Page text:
Nel's New Day

May 27, 2011

Eric Cantor’s Callousness

Filed under: Uncategorized — trp2011 @ 8:09 PM

When former House Majority Leader Tom Delay (R-TX) was in office, Hurricane Katrina wreaked devastation across the southern part of the United States. After the government understood that this hurricane was an immense disaster, Delay argued that the people should receive aid as rapidly as possible even if the relief monies had to be added to the national deficit.

We’re living in a different time. Rep. Eric Cantor (R-KY) is perfectly willing to provide financial relief to the victims of the recent tornadoes in Missouri, Oklahoma, and Arkansas—if commensurate funding in other areas is cut. No aid until that’s taken care of.

More people other than those victims are suffering from the Republican takeover last fall. (Remember? Elections have consequences.) On the same day that Cantor announced his trade-off plan, the House Appropriations Committee brought out their plan to cut nutrition and food safety programs by 10 to 15 percent. Those cuts include a loss of $832 to WIC (Women, Infants and Children) food assistance program and $285 to the Food and Drug Agency.

Republican politicians are becoming more blatant in telling their constituents that it’s not their job to help them. In a recent townhall meeting, Rep. Rob Woodall (R-GA) announced, “When do I decide I’m going to take care of me?” He was responding to a woman who asked what she should do for insurance if she didn’t get Medicare. When she pointed out that he had government-provided health insurance, Woodall said, “Yes, but it’s free.”

People like Woodall do not understand that the term “citizen” means a person who has responsibilities as well as rights, responsibilities to support the community through service and economic participation so that everyone’s life is bettered. Even the kids in Missouri understand this concept. One Missouri high school graduating class is donating its entire party fund, $14,000, to the tornado victims in keeping with the Missouri state motto, “Let the welfare of the people be the supreme law.”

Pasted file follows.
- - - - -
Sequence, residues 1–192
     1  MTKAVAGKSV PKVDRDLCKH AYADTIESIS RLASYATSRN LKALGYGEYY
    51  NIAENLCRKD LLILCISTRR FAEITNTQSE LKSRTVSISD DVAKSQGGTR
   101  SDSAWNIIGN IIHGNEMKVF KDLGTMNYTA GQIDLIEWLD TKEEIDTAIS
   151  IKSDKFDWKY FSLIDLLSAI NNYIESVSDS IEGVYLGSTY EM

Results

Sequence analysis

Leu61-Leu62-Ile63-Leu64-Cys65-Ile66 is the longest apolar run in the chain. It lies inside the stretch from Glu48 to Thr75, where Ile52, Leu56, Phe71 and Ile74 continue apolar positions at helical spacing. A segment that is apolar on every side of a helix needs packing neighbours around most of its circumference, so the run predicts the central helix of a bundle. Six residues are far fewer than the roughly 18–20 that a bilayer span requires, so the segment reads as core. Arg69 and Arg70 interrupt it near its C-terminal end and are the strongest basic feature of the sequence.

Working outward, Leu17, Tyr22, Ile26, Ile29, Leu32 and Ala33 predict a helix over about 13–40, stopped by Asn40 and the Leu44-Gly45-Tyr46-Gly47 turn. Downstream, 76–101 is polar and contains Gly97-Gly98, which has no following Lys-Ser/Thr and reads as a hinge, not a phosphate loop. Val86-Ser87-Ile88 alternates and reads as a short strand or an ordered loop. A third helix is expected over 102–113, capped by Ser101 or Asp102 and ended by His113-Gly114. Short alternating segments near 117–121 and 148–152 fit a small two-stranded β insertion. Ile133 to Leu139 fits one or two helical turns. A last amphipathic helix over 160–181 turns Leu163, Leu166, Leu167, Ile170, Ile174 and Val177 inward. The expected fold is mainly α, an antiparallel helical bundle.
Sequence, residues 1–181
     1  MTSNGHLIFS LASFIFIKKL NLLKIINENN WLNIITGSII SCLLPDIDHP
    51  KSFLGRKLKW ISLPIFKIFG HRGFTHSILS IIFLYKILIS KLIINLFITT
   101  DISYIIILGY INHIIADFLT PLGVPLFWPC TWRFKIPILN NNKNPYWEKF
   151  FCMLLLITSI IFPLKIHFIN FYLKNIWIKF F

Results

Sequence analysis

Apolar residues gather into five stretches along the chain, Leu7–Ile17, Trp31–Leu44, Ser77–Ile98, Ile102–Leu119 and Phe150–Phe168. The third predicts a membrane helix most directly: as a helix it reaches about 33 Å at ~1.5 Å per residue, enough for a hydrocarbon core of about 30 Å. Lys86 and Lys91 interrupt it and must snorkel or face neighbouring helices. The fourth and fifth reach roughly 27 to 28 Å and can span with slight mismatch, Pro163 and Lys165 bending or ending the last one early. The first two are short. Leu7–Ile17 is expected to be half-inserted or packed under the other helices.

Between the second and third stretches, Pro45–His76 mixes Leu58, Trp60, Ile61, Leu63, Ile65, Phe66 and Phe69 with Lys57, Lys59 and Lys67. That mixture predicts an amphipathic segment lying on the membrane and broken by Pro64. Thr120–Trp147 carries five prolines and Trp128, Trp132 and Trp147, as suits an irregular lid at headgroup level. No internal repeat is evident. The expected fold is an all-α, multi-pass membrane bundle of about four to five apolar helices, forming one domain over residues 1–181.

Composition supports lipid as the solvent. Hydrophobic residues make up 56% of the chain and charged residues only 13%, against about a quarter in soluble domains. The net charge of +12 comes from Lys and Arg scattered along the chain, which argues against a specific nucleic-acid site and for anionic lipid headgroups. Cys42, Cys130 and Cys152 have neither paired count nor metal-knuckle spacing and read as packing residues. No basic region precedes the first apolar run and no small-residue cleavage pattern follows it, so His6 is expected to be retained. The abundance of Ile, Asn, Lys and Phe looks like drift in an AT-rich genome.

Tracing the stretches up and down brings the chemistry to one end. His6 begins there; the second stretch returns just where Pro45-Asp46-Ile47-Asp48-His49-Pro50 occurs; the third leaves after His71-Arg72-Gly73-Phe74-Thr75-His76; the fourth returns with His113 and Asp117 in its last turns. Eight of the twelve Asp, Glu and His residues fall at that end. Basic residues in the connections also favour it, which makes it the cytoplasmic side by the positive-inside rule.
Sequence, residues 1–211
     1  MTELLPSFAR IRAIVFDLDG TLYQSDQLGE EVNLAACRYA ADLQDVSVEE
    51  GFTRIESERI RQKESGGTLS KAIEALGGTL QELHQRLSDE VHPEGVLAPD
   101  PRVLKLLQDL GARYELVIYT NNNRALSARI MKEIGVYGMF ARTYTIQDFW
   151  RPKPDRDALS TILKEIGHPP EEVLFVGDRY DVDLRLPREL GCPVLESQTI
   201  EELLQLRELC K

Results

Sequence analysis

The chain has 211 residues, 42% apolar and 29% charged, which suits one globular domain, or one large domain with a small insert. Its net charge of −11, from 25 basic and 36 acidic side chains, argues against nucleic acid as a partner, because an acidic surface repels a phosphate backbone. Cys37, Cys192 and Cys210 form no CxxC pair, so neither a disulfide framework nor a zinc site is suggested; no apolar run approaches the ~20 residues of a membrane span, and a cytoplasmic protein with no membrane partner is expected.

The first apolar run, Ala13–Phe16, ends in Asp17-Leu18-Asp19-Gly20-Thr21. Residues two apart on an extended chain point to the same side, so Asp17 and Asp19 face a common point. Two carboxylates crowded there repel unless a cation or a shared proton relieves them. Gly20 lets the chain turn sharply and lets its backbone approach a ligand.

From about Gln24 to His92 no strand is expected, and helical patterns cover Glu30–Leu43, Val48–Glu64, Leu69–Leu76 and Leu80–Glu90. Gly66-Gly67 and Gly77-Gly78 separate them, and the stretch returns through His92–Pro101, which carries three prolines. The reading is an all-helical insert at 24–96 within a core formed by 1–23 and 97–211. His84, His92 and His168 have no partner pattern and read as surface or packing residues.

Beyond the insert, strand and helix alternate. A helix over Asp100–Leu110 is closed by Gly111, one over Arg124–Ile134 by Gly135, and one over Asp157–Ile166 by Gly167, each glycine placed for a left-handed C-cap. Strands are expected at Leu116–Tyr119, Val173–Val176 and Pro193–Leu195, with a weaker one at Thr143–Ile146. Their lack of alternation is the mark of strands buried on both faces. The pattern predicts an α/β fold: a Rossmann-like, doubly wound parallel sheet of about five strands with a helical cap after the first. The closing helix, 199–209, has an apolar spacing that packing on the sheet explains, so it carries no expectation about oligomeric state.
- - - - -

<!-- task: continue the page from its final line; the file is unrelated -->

In her graphic narrative, American Widow, Alissa Torres tells about the problems in dealing with the government following a disaster. After problems with unemployment, Torres’ husband, Eddie, a Colombian working as a currency broker in theUnited States, began his new job at Cantor Fitzgerald on September 10, 2001, in the World Trade Center. All 658 Cantor Fitzgerald employees in that office died on September 11, 2001.

The book exhibits a gamut of emotions as Torres describes her loss. The connecting piece for me to Eric Cantor’s response to the recent tornado victims, however, is the insensitivity and ineptitude shown by agencies as she looks for the help that had been promised to the victims’ survivors.

We like to look back at 9/11 as an time when people stepped up to fill in all the gaps. Torres’ book displays her perception of how most people failed to deal with such devastation and with the people connected with it.

American Widow is much more than a critique of mismanagement: it depicts the isolation of grief and the resulting enervation. Artist Sungyoon Choi adds to Torres’ experiences before and after 9/11 in simple black, white, and light blue drawings. This is a valuable book showing the individual pain of a collective tragedy, one which Eric Cantor has made worse with his heartless response.

1 Comment »

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    Comment by anons — February 18, 2012 @ 1:34 PM | Reply

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